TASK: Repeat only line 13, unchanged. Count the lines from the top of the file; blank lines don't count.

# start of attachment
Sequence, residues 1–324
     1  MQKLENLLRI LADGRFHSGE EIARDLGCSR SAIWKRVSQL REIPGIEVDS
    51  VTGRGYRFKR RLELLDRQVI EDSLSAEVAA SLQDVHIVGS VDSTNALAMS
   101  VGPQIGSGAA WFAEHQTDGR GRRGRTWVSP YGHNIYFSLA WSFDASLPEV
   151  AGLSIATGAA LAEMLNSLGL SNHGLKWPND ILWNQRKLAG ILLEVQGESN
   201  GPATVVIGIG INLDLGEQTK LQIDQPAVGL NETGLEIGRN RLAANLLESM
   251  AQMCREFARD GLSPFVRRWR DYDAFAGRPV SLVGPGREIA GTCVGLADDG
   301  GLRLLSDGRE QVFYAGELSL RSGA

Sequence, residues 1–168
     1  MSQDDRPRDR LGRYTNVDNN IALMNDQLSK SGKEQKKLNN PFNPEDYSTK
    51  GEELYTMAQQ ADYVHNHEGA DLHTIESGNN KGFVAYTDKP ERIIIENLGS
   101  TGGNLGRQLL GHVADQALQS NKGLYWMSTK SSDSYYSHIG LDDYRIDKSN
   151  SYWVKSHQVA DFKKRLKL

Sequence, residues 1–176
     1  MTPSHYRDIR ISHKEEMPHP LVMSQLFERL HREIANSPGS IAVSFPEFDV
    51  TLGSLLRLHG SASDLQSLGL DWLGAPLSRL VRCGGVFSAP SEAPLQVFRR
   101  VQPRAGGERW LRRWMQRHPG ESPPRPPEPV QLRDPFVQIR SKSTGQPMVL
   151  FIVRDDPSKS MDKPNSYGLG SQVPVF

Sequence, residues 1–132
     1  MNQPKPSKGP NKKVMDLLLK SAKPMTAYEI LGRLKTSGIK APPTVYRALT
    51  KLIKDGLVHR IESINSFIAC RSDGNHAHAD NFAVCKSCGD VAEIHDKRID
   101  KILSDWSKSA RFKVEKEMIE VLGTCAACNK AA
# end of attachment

   151  SYWVKSHQVA DFKKRLKL